“Home is a sense of openness”: A celebration of culture and community with Diego Vourakis

Text by Ellie Brown , January 25, 2024

People, Photography

Following the publication of the photo book, De Cara Al Sol in late 2023, Diego Vourakis is reflecting on what it means to be a photographer with Present Space’s Juan Duque. The project, which centres on Cuba, helped refine Vourakis’ worldview and also allowed him to reconnect emotionally with Peru, the country in which he was born and lived as a child. Vourakis emigrated from Lima to the United States when he was 12 years old. As a teenager living in a new country, he experimented with fashion design as a form of self-expression and creativity, before later discovering a passion for photography. Since then, Vourakis has established a career as a fashion photographer, working for clients such as Dior and Nike.

Over the course of three visits to Cuba between 2020 and 2023, Vourakis travelled the length of the country, spending periods of time with different communities and immersing himself in their ways of life. De Cara Al Sol, focuses on five cities in Cuba that Vourakis felt most connected to, from Viñales in the west, through the La Habana province and Trinidad, to Santiago de Cuba and Baracoa in the east. The intention of the work for Vourakis was to capture a sense of Cuba that wasn’t obscured by romantic depictions of the country as an idea and a tourist destination. Reflecting on the project, Vourakis says “it’s awesome to see just how much this project has achieved and taken on a life of its own, when it just started out as a trip.”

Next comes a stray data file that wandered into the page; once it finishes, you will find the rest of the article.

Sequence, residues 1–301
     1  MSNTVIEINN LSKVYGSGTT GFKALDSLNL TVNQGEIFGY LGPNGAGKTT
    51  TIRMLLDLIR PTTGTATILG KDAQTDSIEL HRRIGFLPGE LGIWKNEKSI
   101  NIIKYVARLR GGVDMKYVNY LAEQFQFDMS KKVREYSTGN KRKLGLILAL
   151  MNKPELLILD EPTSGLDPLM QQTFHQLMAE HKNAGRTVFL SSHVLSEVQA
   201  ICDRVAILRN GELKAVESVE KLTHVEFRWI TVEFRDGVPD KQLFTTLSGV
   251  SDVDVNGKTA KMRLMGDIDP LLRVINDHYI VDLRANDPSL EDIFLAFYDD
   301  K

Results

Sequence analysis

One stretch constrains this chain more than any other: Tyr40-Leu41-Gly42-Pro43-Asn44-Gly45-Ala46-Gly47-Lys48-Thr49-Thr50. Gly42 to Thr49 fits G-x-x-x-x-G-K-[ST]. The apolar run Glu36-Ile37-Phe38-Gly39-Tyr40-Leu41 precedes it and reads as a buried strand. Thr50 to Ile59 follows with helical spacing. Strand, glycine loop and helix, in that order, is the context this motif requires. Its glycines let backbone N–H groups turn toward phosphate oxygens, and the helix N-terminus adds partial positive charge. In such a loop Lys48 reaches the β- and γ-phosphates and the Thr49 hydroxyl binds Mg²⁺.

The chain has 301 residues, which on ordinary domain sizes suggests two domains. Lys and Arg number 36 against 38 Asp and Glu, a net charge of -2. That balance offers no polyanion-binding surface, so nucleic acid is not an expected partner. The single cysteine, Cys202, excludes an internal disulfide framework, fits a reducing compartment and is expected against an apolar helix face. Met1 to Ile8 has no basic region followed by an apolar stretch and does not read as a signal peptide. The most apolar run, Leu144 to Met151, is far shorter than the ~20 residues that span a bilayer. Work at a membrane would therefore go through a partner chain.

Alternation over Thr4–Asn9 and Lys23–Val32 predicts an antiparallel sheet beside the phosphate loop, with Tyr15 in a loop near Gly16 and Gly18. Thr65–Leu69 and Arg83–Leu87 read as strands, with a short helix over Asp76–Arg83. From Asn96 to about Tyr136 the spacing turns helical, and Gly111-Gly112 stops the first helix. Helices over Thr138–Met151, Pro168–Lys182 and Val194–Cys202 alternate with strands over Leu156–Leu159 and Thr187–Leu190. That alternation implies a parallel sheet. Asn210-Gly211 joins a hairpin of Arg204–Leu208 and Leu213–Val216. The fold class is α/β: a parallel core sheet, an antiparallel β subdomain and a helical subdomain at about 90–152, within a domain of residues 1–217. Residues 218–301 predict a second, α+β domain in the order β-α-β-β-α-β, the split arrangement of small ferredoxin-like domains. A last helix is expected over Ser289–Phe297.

Throughout De Cara Al Sol, one of the recurring themes that runs through Vourakis’ images explore childhood and the memories that are forged during that age. This is something that deeply resonates with the photographer, as something that he uses his works to capture. Vourakis describes one image in particular, of a young girl hanging upside down from a climbing frame while other kids play in the background. “While I was taking this image,” he says, “I had this rush of a feeling that I experienced a lot in Cuba, which was this feeling that allowed me to unlock memories.”